Dance for the memories

Participants enjoy dance moves that offer many health benefits.

Dance for the memories
July 25
02:50 2019

By Christina E. Hugenschmidt, Ph.D.

The health benefits of dance have been getting a lot of press lately. A New York Times piece called dance the ‘kale’ of exercise for aging, and with good reason – a 2003 study showed that dance was the only leisure-time physical activity associated with lower risk for dementia, and subsequent small trials suggest that dance improves brain health. Dance is particularly intriguing in the context of aging because it combines art with physical, cognitive, and social activity, all of which have known benefits for the aging body and brain.

Winston-Salem has its own NIH-funded clinical trial about the effects of dance, a great fit for the “City of Arts and Innovation.” The IMOVE study examines how dance affects the brains and bodies of older adults experiencing early stages of memory loss. Many people don’t realize it, but changes in walking and balance often accompany memory loss. Studies show that people with memory loss are more likely to fall than others their same age who do not have memory loss, and falls are a main reason people with memory loss visit the emergency room. Memory loss is also linked with decreased social engagement. Dance might be a way to help with both movement and social engagement at the same time.

The pilot study for IMOVE showed that in people with early-stage memory loss, participating in dance movement twice a week for eight weeks improved balance, mood and functional connections in the brain in regions important for motor movement and social engagement. However, the pilot study was small; these effects might not be the same across a larger group of people. Also, it didn’t answer important questions about why the dance movement was helpful. Did the movement increase brain connectivity or the social interactions, or was it important to have movement and social contact together? The current larger study will answer these questions.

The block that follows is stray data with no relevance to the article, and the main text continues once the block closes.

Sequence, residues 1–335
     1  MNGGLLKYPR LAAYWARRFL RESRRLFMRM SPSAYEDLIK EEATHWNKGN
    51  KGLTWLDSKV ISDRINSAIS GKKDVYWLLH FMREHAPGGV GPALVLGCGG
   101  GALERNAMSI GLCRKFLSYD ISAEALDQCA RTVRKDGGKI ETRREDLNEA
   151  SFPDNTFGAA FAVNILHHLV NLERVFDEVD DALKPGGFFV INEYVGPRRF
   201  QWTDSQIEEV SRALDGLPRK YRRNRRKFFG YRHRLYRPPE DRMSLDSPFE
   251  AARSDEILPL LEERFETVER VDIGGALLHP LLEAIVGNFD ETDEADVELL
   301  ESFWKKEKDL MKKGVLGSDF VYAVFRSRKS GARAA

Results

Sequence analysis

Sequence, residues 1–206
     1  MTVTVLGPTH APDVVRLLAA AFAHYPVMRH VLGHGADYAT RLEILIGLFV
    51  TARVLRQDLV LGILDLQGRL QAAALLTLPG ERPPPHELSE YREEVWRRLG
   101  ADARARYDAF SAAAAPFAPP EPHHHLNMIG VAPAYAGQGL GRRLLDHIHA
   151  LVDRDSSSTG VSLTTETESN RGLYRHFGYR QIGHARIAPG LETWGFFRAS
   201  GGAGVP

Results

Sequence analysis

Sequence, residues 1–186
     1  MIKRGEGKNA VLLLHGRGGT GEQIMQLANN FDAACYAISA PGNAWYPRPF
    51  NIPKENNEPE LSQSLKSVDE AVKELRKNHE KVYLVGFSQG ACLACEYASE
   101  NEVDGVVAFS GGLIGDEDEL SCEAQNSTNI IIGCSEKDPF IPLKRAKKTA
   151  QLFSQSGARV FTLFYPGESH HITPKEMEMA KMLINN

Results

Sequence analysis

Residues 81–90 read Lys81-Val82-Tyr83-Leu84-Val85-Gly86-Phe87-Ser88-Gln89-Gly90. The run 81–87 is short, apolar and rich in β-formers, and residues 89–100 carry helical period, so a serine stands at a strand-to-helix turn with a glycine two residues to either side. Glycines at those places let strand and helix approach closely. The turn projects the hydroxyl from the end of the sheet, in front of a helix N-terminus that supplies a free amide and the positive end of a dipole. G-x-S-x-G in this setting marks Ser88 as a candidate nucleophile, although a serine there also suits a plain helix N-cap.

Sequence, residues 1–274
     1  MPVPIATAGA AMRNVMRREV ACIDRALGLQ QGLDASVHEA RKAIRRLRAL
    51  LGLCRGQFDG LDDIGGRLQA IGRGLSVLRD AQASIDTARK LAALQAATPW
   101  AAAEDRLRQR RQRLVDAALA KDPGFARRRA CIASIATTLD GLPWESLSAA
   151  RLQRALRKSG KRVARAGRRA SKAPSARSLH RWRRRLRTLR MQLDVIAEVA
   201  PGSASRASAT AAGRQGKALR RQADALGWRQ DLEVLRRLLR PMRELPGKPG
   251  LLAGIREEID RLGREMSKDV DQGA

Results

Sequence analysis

The IMOVE study is unique in several ways. First, it uses improvisational movement. Before you quit reading, this does not mean people wear all black or twirl ribbons. Improvisational movement is a modern dance form that uses open-ended movement cues rather than planned choreography. This method has been honed by dancer and choreographer Christina Soriano for people of all ages and abilities in a method she calls IMPROVment®. This means dancers can work to their own level of challenge safely, even remaining seated. It also creates a fun, playful atmosphere because there is not a “right” way to do any movement. Because the movements change rapidly, it is cognitively challenging. At the same time, movements don’t have to be remembered from exercise to exercise or class to class. Another unique aspect of the IMOVE study is that people with memory concerns come with a partner, like a spouse, friend, or family member, creating an opportunity to spend time together.

To learn more about the IMOVE study, contact the IMOVE study team at 336-713-MOVE (713-6683), visit Visit to learn more about the IMPROVment method.

Christina E. Hugenschmidt, Ph.D., is associate professor, Gerontology & Geriatric Medicine, at Wake Forest Health.

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